One of the problems, however, is that cylinders that undergo a break test have a much smaller volume, but a larger surface area, compared to the in-place structure or slab. As a result, less moisture is retained than the actual structural element, making the specimen not necessarily representative of the in-place strength, often causing low breaks. Additionally, as the specimens for the break tests are being transported to the third-party lab, the construction crew remains on the jobsite awaiting data results, adding unnecessary labor costs.

Comparatively, as a non-destructive testing technique, the maturity concept is a reliable practice that can eliminate guesswork. Other onsite non-destructive methodologies in use to measure strength, such as the Schmidt Hammer or Ultrasonic Pulse Velocity techniques, are often less exact than maturity. The maturity equation is able to more accurately estimate the compressive strength of the entire structure in an objective and quantitative measurement, once the maturity curve is calculated through calibration of the concrete mix.


Optimize Your Jobsite With the Maturity Method

For jobsites to operate smoothly they need to have the right tools. Maturity sensors, like SmartRock, greatly benefit engineers, project managers, and field personnel in numerous ways.


Maturity sensors can provide engineers with real-time data that can be accessed on any mobile device and distributed to all team members through the cloud. The ability for the sensors to provide fast results allows for well-informed and quick decision-making onsite.

When compared to break tests, the maturity method provides more accurate and reliable results, effectively avoiding inaccuracies associated with lab tests. Furthermore, continuous logging of concrete temperature and strength allows contractors to reduce the possibility of liability in case of structural failure.

Project Managers

As a non-destructive approach, project managers value concrete maturity meters due to their ability to collect data measurements on their own. Knowing the information that is collected from these sensors is accurate, project managers can make decisions immediately.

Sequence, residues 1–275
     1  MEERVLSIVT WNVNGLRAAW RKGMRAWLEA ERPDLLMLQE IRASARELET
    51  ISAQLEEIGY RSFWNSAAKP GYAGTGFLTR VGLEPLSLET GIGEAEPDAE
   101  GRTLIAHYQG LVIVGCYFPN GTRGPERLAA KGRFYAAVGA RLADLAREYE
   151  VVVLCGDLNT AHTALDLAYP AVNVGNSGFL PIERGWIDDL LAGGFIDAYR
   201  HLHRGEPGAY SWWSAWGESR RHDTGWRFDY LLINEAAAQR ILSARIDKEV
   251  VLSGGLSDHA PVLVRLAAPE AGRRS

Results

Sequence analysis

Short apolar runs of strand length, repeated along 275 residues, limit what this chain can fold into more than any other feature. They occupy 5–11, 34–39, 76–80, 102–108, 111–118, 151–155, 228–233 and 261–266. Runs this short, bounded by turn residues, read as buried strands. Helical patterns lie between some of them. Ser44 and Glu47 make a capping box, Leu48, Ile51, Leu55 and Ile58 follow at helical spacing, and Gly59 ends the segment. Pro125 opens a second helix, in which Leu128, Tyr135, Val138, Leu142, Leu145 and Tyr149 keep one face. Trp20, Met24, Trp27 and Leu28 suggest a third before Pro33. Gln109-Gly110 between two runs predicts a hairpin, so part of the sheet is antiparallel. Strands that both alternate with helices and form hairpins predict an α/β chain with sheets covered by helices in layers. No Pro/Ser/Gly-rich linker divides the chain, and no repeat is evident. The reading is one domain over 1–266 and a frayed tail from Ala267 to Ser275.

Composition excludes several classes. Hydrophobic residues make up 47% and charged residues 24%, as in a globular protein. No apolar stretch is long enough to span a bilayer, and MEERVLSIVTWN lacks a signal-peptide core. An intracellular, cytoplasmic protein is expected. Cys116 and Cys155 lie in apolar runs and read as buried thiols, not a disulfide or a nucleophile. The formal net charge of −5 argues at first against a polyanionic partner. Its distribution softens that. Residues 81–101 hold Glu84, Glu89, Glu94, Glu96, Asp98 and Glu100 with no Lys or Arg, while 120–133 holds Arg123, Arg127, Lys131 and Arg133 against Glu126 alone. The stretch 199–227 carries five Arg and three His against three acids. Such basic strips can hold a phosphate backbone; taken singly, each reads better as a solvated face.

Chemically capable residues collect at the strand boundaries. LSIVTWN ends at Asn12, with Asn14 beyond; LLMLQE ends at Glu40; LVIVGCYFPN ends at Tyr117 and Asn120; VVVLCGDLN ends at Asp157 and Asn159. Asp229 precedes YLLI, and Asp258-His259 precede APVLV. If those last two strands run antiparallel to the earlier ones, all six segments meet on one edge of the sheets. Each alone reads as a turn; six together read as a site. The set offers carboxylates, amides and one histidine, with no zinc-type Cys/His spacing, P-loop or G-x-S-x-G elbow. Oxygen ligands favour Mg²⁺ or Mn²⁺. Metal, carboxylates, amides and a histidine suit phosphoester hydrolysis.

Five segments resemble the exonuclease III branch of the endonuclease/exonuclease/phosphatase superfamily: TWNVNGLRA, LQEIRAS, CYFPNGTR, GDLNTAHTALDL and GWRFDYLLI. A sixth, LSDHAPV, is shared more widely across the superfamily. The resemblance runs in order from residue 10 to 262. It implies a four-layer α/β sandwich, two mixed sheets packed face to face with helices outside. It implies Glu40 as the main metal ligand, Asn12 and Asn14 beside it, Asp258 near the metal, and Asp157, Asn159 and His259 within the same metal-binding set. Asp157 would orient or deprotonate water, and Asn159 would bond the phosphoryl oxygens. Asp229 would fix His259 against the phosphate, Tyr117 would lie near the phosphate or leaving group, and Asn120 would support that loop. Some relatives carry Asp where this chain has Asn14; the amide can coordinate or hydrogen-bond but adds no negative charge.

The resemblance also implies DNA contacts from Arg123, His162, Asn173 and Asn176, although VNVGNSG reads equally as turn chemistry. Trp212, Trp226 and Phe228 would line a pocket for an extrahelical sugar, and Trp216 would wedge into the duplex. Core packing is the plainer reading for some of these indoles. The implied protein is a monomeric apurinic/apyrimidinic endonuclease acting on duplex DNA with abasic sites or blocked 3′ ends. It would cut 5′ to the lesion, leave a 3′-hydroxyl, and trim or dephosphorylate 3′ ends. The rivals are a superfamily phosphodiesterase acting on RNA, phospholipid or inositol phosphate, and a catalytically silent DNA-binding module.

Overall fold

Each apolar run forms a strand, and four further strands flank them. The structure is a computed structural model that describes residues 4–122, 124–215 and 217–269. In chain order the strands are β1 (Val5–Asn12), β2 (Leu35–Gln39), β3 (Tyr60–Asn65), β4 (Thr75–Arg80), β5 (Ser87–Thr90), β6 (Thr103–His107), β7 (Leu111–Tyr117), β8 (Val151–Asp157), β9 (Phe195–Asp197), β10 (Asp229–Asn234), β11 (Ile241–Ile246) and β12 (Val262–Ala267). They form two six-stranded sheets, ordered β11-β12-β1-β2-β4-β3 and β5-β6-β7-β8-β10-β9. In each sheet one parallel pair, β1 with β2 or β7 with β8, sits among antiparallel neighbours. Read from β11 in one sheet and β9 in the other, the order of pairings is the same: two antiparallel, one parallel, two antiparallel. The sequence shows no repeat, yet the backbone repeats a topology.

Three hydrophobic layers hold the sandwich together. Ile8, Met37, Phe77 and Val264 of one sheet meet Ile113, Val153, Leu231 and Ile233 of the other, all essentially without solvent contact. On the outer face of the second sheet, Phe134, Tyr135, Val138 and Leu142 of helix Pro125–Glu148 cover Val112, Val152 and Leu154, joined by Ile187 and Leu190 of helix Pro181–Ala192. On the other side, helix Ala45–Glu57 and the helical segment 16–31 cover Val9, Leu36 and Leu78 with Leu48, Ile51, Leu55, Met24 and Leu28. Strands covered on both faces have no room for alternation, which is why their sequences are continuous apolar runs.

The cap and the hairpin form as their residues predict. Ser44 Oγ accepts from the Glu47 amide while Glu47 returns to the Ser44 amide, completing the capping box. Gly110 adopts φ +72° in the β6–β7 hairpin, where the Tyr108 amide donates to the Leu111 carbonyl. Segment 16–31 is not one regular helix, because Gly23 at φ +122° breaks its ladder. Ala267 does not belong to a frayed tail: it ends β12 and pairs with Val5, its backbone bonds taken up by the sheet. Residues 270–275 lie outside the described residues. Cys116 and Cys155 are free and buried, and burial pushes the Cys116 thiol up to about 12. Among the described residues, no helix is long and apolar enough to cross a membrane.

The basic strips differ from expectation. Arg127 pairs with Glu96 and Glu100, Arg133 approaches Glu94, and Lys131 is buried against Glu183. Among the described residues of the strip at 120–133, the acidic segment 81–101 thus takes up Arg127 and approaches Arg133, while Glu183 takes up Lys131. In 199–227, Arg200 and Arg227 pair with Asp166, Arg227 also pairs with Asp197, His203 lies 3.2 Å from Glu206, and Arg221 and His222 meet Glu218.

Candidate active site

Not having to wait for results of cylinder break tests also drastically reduces the costs associated with labor and equipment. This also eliminates the need to employ a third-party testing lab.

Field Personnel

Forget having to untangle, cut, or fuss with wires. With concrete maturity sensors, wires are a thing of the past. Having wireless sensors also means no longer having to rely on break tests to measure the strength of your concrete, saving hours, even days, on your projects’ schedule.

Real-time monitoring of early-age concrete strength allows contractors to proceed with critical operations like formwork removal, post-tensioning, and shore stripping much sooner than if they were relying on laboratory break tests. Ultimately, this cuts days, even weeks, off project schedules. In addition to that, sensors are fully embedded in the concrete, and easy to install. Simply label the sensor, install it onto the rebar and pour your concrete.

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Wireless vs. Wired Sensors

If you are still worried about wires on your jobsite getting damaged, you haven’t fully transitioned into using a “wire-free” device. The difference between wired and wireless determines the type of data received, the ease in collecting the data, and the on-site handling of the sensors.

Wireless Sensors

With a wireless maturity sensor, the device is fully embedded on the rebar before pouring. The installation is simple and hassle-free with no protruding wires. Data is collected via Bluetooth on a mobile device or tablet. This eliminates the need for a data logger. With SmartRock, the data collected by the sensors is updated every 15 minutes and uploaded to the iOS or Android app. This data, as well as measurements provided during mix calibration, is used to determine the maturity/ strength of the in-situ concrete in real-time. With the SmartRock app, this data can also be easily shared with team members.